The GOP Is Lying About the “Great Replacement” Theory

The GOP Is Lying About the “Great Replacement” Theory

The GOP Is Lying About the “Great Replacement” Theory

Republicans think they’ve found the blueprint in a 2002 book, The Emerging Democratic Majority. Their arguments show they didn’t read it.


We know that the so-called “great replacement” theory, which has inspired white supremacist massacres from New Zealand to Buffalo, is a racist hoax. But after a few days professing sorrow over a white supremacist’s murdering 10 Black people at East Buffalo’s Tops Friendly Supermarket last Saturday, and after disavowing the theory, conservative pundits began to fight back. There is, in fact, a great replacement theory, they now argue—and it’s been peddled by Democrats. They’re claiming it emerged largely from a book by two friends of mine: The Emerging Democratic Majority, written by Ruy Teixeira and John B. Judis roughly 20 years ago.

As Republicans flip from “We don’t believe in a great replacement theory” to “Hey, it’s real, but Democrats invented it!”—they routinely cite Judis and Teixeira.

Ann Coulter counted the two authors among the “nutcases who believe in ‘replacement’” in a column last week, claiming that their 2002 book held “that demographic changes, mostly by immigration, were putting Democrats on a glide path to an insuperable majority.” National Review editor Rich Lowry said the book made the case that Democrats are “the party of transition” as “white America is supplanted by multiracial, multiethnic America.” Boy genius (not) Ben Shapiro cribbed the exact same line Lowry did, claiming that Teixeira and Judis envisioned a world “in which white America is supplanted by multiracial, multiethnic America.” (Being Ben Shapiro, he got the book’s pub date wrong.)

In National Review last week, Charles C.W. Cooke slurred the writers for essentially arguing that “demographics will destroy the GOP, all we need to do is wait.” In The Federalist, John Daniel Davidson insisted “the notion that ‘demographics is destiny’ has been a long-running belief among Democrats, famously spelled out in John Judis and Ruy Teixeira’s widely acclaimed 2004 book, The Emerging Democratic Majority. Part of their argument rests on the assumption that immigration, legal and illegal, will swell the ranks of Democrat voters and hasten the inevitable emergence of a permanent Democratic majority.” (Again, guys, the book came out in 2002.)

I wrote about the book at the time, and if you actually read it, you’ll see that these criticisms miss a lot. If you can remember back 20 years, you’ll recall that was a deadly midterm season for Democrats, in the wake of the 9/11 attacks and the Iraq War. I wrote that the two authors might have become a punch line, given that Democrats had given no signs of grabbing an “emerging majority” anytime soon, with the White House, the Senate, and the House of Representatives firmly in GOP hands. Except their book was well-researched and well-reasoned and didn’t in any way predict a “glide path” for Democrats. So it was not undone by one bad election season, and it’s likewise not undone by wing nuts lying about what’s in it.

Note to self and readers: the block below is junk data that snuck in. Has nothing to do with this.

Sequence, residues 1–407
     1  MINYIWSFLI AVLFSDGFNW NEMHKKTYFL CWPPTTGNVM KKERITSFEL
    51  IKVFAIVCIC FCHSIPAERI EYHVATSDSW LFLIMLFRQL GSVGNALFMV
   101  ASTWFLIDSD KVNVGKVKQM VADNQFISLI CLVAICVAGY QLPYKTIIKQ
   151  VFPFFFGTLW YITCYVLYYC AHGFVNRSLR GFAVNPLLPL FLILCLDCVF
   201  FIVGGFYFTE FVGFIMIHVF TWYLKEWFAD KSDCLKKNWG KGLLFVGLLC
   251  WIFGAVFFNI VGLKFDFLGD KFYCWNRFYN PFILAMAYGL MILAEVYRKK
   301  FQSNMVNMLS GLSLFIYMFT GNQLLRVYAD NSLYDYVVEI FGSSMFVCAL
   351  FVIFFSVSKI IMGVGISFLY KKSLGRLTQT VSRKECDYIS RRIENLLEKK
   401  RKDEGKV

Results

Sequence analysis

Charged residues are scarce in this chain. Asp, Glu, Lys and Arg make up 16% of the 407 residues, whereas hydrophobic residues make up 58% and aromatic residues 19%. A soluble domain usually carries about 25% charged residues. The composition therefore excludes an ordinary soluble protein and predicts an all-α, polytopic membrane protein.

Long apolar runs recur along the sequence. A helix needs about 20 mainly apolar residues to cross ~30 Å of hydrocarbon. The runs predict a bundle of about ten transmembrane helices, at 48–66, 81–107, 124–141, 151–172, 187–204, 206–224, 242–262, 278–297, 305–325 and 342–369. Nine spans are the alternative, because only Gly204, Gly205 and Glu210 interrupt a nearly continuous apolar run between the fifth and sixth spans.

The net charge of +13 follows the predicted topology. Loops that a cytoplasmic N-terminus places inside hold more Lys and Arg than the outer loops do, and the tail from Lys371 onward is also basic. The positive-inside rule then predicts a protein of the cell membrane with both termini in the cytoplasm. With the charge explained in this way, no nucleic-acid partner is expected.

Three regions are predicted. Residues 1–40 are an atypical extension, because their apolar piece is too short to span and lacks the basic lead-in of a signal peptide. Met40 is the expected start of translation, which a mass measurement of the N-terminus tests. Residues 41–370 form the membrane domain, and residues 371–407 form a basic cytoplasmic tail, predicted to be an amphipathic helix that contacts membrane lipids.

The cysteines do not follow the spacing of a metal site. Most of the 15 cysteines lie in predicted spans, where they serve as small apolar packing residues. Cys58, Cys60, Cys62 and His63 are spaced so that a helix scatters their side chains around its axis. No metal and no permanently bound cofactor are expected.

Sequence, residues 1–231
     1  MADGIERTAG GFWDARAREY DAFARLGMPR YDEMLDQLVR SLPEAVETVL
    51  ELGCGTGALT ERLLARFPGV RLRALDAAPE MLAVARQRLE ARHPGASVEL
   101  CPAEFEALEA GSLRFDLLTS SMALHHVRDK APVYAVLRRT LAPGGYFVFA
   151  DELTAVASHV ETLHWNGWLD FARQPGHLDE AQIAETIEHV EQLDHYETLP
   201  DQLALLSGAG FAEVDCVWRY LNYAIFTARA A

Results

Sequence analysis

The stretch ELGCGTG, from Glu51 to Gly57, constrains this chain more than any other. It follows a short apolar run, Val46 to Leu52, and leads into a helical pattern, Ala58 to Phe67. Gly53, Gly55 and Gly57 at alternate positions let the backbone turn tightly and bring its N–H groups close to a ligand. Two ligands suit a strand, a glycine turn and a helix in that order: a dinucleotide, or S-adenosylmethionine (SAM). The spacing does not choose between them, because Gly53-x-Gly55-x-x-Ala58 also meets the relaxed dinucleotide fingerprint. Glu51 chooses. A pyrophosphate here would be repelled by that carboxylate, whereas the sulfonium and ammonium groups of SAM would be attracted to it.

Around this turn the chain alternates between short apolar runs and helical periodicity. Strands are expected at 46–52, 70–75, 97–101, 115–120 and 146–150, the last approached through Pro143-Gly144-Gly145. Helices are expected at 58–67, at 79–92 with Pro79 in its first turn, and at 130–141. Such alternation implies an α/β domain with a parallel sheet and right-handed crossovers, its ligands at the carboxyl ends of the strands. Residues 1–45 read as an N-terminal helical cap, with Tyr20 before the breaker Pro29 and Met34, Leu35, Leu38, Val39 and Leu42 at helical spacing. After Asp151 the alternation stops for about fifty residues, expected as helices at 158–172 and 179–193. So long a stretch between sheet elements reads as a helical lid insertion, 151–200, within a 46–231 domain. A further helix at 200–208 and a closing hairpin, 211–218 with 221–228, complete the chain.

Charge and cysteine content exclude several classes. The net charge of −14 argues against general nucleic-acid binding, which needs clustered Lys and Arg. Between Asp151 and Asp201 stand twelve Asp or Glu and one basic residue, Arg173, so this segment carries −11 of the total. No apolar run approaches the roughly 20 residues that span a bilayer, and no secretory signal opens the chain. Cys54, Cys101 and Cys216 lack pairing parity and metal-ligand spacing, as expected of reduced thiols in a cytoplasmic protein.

The main thing I remembered about the book, though, was that it was not about people of color replacing white people, or replacing white voters as Democrats. The future Democratic majority, when it emerged, was going to feature plenty of white people—majorities of white women, young people, the college-educated, so-called “professionals.” As I wrote at the time: “It’s more than just women, minorities and urban voters—the new majority, according to Judis and Teixeira, also includes professionals, a formerly Republican constituency that’s grown, gotten more diverse, and has been turned off by right-wing rhetoric as well as the erosion of their standard of living (Walter Mondale was the first Democrat to make inroads among professionals), and even suburban voters living around what they call ‘ideopolises,’ sprawling intellectual centers from Silicon Valley, Calif., to Madison, Wis., home to a knowledge class that’s edging out the working class in numbers and importance.”

Well, that last phrase is mine—and 20 years later, I think we’ve seen that investing in the “knowledge class” at the expense of the working class hasn’t done well for the Democratic Party, but Judis and Teixeira didn’t argue that.

My point is, white racists tell on themselves when they can’t see that white people are included in virtually any version of a “multiracial” America, whether utopian or dystopian. Plus, Teixeira and Judis never promoted the notion that immigration, legal or illegal, was going to transform the Democratic Party. The growth of “ideopolises” was a bigger deal. If you can’t grab the book off one of your bookshelves, try this excerpt from The New York Times. And see if you recognize the book Ann Coulter and others are slurring.

The other reason I knew these lying liars are lying is that Judis and Teixeira aren’t ideologues. Their book didn’t advocate policy; it described trends. And they’ve continued to follow the trends: In January 2015, Judis predicted the Hispanic defection to the GOP we’ve seen in the past few election cycles in a National Journal essay, “The Emerging Republican Advantage.” Teixeira updated that analysis on his Substack in December.

And here is the point at which I say: I love these guys, but I don’t entirely agree with them on the future for Democrats, these 20 years later. It never was a “glide path” based on demography, and they didn’t argue that. And it never will be. But if we ignore the party’s activist base, which is very diverse, we’ll have a whole other set of problems I don’t know the answer to.

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